NRA Life Member
Here is my scale story.
A friend of mine bought one of the Dillon Determinators about 15 or 20 years ago when they first hit the market. He could not get it to work right and he brought it by my house for me to check since I had a lot more loading experience. It drifted terribly often .4 grains in about 15 to 20 mins. I was using it in a large closet with battery power. There were no air currents to bother it.
He left and said I could have the thing because he did not trust it. I called Dillon and the tech said that was about par for the course with that price ($99) digital scale back then. He did not think any of them worked great. Basically I had to zero the thing every time for each weighing. In Dillon's defense they did say send it back and they would do what they could.
So I put it in the closet for several years and forgot about it. about 4 or 5 years later I called Dillon again and they said send it back again. I was not convinced that it was a good way to blow $8.00 for shipping. So it went back into the closet. Another 4 years passes and I called Dillon the 3rd time and they told me to return it again. They were about to discontinue the 1200 grain model and I wanted it replaced with another 1200 grain scale. They had just announced a little bit cheaper 900 grain model and I did not want it because of the smaller capacity and the smaller display.
I finally sent the scale in after about 8 or 9 years and it still looked pristine in the original box. Dillon sent me a new scale about a week later and it was the 900 grain model. I was disappointed until I turned it on and used it. It worked like a hammer first time every time and still does.
In the mean time my friend bought a RCBS 750 Rangemaster (made by PACT) . And then he died. He family gave me the scale and a few other things. I tried out the RCBS scale and it worked fine also.
So I now have 2 digital scales that work well. However I would never trust them due to the potential for slip sticking of the posts on top of the load cells.
So I use them for weighing bullets and cases.
I had a Lyman mechanical scale that I really dislike, and two RCBS 5-10 mechanical scales that I got with large buy of a guy's equipment. I also had bought 3 Lyman/AMT Autoscales which have the same beam as the RCBS 5-10. My friend also had 2 RCBS 5-10 and 1 RCBS 505 scale. All these scales worth great. The Lyman Autoscales are for loading large batches. With multiple scales running I can set them all to the same weight and they can trickle out charges faster than I can dump them.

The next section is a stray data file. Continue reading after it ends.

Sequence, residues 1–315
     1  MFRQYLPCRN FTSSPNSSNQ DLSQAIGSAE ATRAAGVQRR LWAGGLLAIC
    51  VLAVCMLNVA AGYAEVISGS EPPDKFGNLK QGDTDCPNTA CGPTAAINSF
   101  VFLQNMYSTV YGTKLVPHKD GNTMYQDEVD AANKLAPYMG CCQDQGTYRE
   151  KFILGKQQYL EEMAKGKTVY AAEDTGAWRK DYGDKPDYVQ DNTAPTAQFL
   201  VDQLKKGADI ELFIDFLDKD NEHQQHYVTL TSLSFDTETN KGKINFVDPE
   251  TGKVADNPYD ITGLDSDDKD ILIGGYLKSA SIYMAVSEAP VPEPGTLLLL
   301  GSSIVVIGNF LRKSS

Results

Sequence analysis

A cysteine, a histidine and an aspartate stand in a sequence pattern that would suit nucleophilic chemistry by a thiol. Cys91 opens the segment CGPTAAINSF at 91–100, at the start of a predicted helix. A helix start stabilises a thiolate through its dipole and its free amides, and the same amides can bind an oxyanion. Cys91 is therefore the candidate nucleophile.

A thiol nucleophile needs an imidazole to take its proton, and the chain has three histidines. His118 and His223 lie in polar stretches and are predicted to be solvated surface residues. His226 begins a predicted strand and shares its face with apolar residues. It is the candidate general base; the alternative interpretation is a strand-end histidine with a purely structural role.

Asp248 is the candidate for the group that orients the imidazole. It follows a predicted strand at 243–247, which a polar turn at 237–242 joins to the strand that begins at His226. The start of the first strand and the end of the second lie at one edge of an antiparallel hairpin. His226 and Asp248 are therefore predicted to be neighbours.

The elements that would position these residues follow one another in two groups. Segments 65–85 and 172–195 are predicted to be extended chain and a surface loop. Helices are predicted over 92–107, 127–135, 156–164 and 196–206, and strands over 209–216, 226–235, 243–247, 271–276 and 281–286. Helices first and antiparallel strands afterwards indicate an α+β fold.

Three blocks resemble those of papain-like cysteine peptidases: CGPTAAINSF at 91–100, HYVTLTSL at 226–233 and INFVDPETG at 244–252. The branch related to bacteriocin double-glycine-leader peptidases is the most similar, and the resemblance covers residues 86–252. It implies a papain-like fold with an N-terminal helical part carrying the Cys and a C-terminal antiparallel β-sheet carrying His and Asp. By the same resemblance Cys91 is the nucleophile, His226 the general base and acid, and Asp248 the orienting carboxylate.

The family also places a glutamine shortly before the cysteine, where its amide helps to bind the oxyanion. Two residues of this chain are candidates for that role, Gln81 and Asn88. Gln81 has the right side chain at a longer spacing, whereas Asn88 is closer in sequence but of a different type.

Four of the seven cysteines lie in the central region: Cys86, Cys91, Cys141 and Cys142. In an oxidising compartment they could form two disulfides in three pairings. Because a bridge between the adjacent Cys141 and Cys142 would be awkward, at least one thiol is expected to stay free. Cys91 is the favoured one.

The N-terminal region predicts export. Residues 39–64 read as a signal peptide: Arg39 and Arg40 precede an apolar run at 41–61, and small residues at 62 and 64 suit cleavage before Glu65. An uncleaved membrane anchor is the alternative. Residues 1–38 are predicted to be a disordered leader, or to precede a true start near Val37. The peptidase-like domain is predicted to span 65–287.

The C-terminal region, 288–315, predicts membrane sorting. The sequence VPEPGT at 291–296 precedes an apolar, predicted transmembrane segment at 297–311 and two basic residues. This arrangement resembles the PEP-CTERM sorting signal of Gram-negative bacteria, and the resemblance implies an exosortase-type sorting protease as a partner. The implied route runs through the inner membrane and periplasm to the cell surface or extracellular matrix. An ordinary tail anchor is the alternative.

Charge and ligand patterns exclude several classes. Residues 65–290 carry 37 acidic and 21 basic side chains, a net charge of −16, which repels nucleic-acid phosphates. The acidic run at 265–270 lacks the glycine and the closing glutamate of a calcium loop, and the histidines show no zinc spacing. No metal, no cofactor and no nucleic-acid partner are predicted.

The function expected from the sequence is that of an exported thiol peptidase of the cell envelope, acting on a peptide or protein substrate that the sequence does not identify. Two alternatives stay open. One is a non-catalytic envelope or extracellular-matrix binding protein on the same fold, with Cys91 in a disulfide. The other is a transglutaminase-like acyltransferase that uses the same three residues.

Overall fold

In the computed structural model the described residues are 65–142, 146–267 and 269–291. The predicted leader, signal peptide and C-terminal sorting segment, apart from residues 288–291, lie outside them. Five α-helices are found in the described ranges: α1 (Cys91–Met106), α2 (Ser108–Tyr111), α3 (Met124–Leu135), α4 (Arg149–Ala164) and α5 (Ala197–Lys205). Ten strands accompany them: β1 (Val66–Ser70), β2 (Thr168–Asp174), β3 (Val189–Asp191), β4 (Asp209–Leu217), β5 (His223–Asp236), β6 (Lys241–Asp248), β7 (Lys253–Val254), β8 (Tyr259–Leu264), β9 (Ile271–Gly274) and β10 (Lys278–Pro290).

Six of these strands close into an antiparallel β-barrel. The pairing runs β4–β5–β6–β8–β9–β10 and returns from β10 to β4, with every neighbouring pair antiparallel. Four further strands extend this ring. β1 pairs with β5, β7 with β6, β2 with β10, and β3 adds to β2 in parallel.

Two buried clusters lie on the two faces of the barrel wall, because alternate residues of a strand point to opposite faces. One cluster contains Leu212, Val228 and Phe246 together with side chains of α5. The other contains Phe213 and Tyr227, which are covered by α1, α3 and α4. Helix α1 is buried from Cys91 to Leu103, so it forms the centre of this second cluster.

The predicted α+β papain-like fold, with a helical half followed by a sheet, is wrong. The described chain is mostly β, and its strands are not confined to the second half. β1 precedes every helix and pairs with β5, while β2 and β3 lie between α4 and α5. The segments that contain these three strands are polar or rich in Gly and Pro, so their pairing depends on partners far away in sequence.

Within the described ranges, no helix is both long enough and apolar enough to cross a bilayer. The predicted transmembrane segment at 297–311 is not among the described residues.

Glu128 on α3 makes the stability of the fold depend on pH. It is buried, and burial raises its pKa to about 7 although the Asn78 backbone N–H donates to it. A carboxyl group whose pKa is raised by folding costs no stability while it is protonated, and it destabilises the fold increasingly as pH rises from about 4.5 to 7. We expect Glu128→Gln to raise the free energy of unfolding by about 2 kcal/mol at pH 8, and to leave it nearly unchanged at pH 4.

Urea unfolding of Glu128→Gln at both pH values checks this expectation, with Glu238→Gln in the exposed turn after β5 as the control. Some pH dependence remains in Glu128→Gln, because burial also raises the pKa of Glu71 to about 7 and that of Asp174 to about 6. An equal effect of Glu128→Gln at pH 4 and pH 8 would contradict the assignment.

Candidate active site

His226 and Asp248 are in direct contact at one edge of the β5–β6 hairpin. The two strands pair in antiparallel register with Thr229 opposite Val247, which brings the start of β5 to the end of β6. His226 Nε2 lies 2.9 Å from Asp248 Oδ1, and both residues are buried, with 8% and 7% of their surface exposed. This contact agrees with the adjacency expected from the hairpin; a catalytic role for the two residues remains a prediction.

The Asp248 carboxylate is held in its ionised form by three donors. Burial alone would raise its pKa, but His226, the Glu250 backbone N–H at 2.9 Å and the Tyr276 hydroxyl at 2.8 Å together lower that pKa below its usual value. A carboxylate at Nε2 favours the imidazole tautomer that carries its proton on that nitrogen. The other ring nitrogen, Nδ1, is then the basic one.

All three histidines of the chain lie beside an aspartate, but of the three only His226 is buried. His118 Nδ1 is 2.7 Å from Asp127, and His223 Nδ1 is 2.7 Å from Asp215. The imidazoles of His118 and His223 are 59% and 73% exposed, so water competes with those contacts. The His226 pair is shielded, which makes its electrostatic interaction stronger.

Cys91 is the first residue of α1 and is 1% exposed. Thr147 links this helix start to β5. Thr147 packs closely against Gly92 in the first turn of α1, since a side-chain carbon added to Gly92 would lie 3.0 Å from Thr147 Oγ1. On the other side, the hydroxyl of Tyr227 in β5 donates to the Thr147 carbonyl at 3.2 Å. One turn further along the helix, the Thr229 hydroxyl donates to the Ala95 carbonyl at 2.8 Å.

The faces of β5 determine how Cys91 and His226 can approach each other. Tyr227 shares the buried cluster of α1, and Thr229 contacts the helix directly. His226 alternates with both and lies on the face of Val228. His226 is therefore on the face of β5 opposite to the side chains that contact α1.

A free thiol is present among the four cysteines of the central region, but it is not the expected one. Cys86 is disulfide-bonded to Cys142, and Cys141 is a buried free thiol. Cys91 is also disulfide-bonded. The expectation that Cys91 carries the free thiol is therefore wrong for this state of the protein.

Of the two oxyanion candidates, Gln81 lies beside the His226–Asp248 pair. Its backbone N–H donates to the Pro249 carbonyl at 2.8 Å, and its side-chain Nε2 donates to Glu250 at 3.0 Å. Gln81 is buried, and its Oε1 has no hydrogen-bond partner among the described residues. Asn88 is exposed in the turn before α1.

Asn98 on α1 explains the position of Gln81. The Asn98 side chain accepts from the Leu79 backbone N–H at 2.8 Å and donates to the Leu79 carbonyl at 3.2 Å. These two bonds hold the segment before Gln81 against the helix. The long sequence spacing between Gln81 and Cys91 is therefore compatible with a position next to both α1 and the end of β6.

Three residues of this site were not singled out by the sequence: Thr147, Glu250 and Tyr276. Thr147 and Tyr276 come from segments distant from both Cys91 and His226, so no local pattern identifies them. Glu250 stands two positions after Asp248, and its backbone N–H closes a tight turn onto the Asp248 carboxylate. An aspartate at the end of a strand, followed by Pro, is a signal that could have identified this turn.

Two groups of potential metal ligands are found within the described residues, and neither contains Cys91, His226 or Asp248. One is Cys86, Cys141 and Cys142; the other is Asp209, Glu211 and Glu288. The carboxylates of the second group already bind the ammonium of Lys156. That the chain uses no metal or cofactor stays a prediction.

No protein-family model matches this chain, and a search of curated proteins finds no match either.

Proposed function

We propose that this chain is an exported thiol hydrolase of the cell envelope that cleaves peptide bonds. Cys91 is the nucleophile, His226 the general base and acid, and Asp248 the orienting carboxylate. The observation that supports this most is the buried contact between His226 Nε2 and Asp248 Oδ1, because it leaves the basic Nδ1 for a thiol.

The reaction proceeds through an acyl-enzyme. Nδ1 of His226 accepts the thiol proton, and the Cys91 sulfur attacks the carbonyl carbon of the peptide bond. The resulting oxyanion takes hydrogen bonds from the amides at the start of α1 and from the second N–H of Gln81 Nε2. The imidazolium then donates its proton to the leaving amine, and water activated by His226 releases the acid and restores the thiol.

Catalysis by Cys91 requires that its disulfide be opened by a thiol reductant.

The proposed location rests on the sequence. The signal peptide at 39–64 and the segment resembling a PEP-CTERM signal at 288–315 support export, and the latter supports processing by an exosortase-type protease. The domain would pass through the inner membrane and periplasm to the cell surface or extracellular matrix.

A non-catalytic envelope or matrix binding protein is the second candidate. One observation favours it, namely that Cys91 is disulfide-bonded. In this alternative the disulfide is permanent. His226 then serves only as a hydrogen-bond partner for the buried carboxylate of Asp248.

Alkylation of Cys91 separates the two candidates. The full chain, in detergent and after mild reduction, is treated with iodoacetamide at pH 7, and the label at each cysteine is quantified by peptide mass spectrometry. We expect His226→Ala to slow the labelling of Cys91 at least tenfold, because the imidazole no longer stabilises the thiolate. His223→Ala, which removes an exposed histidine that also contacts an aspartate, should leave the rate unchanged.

For small lots I like the 505 the best. So I have 4 5-10s that are just spares. I also had a Bair triple poise beam scale that looked exactly like the old Pacific and Hornady triple poise scales but I gave it to my brother.
Summary: I will never trust a cheap handloading digital scale for powder charges. I might trust a high quality scale for that but I have way too many scales to buy another and I get along fine with what I have. I have enough mechanical scales to start off a few more new loaders so I will probably donate them. In the mean time I set the mechanical scales that I used with check weights any time I weigh powder.
The unit does need to warm up. Electrical line interference has an affect on them too. I use a ferrite bead interference choke on my power cord, because the one plug in the loading room that my scale works perfectly on is in a bad location for operating the scale, and an extension cord doesn't help. When I really want to throw charges closer than 0.3g, I throw them short with the powder dispenser and trickle the rest with my balance beam. This isn't an issue if I run it in the other outlet.
Every normal man must be tempted at times to spit on his hands, hoist the black flag, and begin slitting throats. H.L. Mencken
Back in the mid 60s I worked at the Cape maintaining/calibrating precision electronic measurement instruments; I had good job security because that stuff isn't very reliable. I weigh powder only with a balance (beam) scale, my digital is ONLY for weighing things like cases and bullets because that won't kill me if it goes nuts.